Several breast cancer advocacy groups appear to have won their battle to keep a controversial women's health advocate out of the White House. On Sunday, psychiatrist Susan Blumenthal--until recently director of the Office of Women's Health at the Department of Health and Human Services (HHS)--sent a letter declining a job as a presidential adviser, suggesting that the "disagreements" in which she is involved could detract from more important issues.
Blumenthal was tapped last month to become President Clinton's "senior adviser" on women's health (Science, 10 October, p. 227). But the appointment met with fervent opposition from advocacy groups led by the National Breast Cancer Coalition, which have long been at odds with Blumenthal. They claim she hurt breast cancer research by diverting money to activities run by her HHS office, including conferences and educational initiatives. The Chronicle of Higher Education has also related that the HHS inspector-general is looking into allegations that Blumenthal sought to take credit for work done by independent researchers under a government contract. Blumenthal has dismissed criticisms of her behavior as "politically motivated" and stemming from a "personal feud."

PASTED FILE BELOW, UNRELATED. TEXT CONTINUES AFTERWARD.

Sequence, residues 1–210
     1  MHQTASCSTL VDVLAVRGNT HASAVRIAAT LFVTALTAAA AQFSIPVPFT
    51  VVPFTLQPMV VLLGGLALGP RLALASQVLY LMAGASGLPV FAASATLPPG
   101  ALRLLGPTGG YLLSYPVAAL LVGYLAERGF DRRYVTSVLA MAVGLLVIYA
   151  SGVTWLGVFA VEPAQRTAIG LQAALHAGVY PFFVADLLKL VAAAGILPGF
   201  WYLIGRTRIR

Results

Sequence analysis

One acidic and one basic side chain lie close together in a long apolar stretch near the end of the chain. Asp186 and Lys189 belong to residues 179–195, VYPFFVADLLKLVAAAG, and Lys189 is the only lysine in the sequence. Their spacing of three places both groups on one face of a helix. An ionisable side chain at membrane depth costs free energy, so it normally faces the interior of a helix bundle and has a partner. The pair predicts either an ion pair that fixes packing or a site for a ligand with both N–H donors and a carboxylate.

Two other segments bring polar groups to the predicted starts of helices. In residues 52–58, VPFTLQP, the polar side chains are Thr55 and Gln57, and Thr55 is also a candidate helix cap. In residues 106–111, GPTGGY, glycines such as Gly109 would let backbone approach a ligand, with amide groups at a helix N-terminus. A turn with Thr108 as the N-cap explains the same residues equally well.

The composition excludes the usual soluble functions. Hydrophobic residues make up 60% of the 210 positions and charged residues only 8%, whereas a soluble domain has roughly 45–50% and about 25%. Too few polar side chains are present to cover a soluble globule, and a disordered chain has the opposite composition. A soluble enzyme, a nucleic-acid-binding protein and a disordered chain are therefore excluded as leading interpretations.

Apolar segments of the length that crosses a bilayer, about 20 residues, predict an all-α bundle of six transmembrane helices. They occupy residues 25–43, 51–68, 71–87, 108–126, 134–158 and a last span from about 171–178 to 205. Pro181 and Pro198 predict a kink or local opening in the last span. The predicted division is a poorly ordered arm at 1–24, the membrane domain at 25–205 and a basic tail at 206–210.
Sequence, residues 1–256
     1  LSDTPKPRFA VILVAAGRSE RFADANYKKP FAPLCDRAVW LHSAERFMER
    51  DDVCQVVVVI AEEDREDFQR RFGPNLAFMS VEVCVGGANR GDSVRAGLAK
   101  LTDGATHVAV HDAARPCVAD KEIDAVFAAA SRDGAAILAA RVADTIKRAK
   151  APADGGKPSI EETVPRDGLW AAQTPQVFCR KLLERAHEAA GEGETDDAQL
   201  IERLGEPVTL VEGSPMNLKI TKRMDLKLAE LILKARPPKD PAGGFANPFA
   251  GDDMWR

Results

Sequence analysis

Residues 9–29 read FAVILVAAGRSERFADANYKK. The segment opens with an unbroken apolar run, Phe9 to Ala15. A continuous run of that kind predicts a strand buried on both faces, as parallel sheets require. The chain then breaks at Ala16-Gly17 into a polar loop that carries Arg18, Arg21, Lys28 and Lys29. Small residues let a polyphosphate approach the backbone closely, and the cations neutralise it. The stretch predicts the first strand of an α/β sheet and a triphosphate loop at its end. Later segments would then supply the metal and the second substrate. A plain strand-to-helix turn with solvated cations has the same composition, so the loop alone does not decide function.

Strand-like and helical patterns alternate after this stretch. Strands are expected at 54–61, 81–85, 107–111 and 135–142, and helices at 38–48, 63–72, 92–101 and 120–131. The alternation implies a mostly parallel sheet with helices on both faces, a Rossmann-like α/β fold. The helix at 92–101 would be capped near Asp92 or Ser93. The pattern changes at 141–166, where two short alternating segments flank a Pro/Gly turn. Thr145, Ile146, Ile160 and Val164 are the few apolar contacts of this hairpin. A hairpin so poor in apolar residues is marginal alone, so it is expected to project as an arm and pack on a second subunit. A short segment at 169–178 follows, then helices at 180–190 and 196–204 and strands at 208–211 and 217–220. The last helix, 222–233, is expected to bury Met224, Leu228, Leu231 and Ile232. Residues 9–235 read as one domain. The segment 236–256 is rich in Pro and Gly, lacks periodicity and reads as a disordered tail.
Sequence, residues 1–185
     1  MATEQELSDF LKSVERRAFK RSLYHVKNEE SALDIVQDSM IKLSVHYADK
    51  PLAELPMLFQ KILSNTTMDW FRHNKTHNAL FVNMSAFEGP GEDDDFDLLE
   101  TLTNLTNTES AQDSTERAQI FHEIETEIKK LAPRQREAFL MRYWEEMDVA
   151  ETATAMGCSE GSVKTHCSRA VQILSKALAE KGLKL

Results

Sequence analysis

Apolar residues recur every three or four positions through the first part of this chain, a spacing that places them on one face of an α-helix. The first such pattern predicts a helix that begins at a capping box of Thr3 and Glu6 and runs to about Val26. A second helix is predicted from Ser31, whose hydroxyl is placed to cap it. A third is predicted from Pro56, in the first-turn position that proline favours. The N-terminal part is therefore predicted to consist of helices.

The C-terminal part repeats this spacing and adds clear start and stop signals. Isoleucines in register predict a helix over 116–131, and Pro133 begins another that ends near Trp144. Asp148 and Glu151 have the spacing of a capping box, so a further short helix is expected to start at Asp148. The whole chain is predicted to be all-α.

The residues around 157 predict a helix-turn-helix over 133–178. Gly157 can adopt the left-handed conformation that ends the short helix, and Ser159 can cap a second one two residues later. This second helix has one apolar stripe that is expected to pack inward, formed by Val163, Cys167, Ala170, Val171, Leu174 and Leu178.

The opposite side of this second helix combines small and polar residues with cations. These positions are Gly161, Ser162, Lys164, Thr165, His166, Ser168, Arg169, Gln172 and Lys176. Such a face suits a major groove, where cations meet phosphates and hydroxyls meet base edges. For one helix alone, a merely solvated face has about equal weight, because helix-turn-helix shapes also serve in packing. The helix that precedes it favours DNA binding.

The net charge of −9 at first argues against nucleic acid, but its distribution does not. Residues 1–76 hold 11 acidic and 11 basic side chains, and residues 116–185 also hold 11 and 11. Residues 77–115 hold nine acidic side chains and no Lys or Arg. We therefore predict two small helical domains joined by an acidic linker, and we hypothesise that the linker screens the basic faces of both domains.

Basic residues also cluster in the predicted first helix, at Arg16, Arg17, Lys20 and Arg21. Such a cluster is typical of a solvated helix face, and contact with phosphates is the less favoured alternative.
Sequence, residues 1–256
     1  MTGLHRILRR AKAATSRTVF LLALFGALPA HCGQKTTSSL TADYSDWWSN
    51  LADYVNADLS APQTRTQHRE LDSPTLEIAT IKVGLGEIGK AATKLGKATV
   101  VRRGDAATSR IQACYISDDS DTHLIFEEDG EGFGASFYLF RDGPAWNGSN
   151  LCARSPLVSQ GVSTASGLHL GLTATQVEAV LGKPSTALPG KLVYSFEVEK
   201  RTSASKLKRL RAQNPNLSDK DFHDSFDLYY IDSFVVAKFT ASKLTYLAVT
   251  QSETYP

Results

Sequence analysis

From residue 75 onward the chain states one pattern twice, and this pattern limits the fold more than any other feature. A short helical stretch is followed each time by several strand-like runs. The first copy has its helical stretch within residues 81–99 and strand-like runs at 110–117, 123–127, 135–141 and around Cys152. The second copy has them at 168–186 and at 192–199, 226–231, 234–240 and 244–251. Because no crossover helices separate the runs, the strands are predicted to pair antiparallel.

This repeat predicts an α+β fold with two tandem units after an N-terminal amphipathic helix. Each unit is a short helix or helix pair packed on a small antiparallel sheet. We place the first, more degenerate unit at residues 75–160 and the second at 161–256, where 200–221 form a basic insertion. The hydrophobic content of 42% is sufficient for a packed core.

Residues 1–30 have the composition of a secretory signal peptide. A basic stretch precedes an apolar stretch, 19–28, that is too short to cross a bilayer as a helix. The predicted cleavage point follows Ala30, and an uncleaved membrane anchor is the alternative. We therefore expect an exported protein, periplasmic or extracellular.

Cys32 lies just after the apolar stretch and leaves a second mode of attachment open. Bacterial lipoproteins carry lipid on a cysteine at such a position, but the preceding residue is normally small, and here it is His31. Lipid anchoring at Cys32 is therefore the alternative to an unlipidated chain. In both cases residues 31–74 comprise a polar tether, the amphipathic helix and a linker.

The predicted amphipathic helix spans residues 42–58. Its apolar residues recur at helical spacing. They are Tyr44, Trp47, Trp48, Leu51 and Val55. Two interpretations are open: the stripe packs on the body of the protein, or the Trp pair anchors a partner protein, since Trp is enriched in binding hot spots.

The first public sign that the advocacy groups might have sabotaged Blumenthal's appointment came on 3 November, when she didn't show up to start her new job. The White House said she was taking a 2-week vacation. Then, in a 9 November letter, Blumenthal wrote Clinton, a personal friend to her and her husband, Representative Edward Markey (D-MA), saying she had "decided to decline your kind offer," according to The Washington Post. Blumenthal said she hoped that as a result, "the focus on disagreements will fade so that the focus on the critical issue of eradicating breast cancer as a threat to the lives of American women can reemerge." She could not be reached for comment.
Blumenthal is still at HHS, where she retains her rank as an assistant surgeon general. An HHS spokesperson says her position is yet to be determined--although it won't be in the women's office, which is now casting about for a new director.